Both Jean Coutu and company chief executive officer François Coutu spoke out against the Quebec government in January for ignoring the company's proposals about drug reforms, hinting that the government's actions could force them to sell the chain. On Monday, however, they down played the impact of the government's moves in their decision to hand the keys to Metro. The companies began exclusive talks earlier this year that led to Monday's agreement, company executives said.
"This is the deal we wanted to make," said François Coutu, who will lead Metro's drugstore arm. He said it was important that the Coutu family were able to participate in the new venture.
The combination gives the companies more heft, increased operational efficiencies and a more diverse revenue stream to meet the evolving competitive landscape, executives with the chains said. Quebec's Finance Minister last week backed the tie-up on the grounds that it would create a provincial champion with better purchasing power.
The combined business increases the size of Metro's network to more than 1,300 Canadian stores, capable of generating $16-billion in revenue; more than $1.3-billion in earnings before interest, tax, depreciation and amortization; $500-million in free cash flow; and $75-million in "expected synergies" within three years of the transaction. It would have nearly 87,000 direct and indirect employees, many of whom would be in Quebec, where it would become one of the province's largest private-sector employers.
"Size does matter in our industry," Eric La Flèche, Metro's chief executive, said.
The grocery and pharmacy sectors have faced a rash of consolidations in recent years as competition heats up. In addition to the Loblaw-Shoppers marriage, Sobeys Inc. acquired fellow grocer Safeway in Western Canada for $5.8-billion. In March 2016, U.S. health care company McKesson Corp. announced it would acquire the Rexall pharmacy chain for $3-billion. And looming over the broader sector is Amazon.com Inc.'s $13.7-billion (U.S.) purchase of Whole Foods Market Inc. this summer, leaving lingering fears over how e-commerce might shake up the industry worldwide.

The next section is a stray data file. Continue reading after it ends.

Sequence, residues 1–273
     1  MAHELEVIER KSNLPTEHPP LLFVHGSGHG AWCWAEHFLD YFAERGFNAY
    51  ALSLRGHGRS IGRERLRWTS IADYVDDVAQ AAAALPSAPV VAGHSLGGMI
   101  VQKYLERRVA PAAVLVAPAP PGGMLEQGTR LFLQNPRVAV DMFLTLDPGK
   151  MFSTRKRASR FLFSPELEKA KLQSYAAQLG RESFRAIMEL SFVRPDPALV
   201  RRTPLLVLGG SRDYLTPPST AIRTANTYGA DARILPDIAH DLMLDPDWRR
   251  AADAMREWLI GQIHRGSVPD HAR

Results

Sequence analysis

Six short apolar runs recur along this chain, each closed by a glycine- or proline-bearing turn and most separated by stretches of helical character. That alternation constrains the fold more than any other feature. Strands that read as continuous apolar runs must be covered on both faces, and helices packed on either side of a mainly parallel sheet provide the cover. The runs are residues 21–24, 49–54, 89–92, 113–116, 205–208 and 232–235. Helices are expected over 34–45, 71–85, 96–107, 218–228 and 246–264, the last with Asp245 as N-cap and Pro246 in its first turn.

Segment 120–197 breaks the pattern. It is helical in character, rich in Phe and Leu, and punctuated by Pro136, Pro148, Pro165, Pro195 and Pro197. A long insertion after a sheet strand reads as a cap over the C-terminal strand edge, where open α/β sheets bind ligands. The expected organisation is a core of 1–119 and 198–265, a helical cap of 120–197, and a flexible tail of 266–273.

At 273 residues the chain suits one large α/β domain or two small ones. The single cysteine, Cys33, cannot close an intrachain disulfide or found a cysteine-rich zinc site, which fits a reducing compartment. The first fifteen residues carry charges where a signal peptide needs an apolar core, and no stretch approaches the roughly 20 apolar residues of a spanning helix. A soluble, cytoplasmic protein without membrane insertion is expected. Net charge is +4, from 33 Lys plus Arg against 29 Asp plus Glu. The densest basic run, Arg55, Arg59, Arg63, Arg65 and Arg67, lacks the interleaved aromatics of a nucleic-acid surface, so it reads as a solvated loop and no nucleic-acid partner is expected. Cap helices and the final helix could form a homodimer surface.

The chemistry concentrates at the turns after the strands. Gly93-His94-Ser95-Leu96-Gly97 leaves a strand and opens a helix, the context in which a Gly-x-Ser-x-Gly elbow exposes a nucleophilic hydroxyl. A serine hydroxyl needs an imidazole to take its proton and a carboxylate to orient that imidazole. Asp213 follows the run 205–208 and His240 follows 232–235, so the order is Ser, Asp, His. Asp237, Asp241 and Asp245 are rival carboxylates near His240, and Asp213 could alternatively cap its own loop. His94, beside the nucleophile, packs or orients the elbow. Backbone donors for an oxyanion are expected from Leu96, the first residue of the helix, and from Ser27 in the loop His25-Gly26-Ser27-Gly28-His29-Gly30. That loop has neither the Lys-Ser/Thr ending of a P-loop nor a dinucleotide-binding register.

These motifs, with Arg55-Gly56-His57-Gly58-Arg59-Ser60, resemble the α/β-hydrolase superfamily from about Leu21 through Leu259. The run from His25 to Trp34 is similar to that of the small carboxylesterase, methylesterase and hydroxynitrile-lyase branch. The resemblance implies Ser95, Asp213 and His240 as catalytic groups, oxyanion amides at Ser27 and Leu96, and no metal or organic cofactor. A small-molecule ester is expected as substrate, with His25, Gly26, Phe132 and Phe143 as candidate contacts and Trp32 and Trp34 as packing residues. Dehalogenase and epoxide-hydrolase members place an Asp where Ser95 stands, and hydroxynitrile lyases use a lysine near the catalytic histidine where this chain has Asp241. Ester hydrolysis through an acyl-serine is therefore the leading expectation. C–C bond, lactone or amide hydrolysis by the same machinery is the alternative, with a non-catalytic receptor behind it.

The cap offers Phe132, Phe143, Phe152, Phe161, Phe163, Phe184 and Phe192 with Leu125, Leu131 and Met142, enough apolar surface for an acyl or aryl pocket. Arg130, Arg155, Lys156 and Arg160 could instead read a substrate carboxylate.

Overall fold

There are cross-selling opportunities between Metro and Jean Coutu, including bringing more food into Jean Coutu pharmacies and more health and beauty products into Metro groceries, executives said. Both brands will continue to exist, as will Metro's existing Brunet pharmacies.
Metro has committed bank financing in place for the $3.4-billion (Canadian) cash portion of the takeover and said it also plans to sell assets to reduce leverage and maintain its current credit rating. Its biggest asset is the 32.2 million shares it owns in convenience store chain Alimentation Couche-Tard Inc., worth about $1.84-billion at current prices.
"We're not under pressure" to unload the Couche-Tard shares, Metro chief financial officer François Thibault said. "We will do this in an orderly fashion to make sure we maximize proceeds."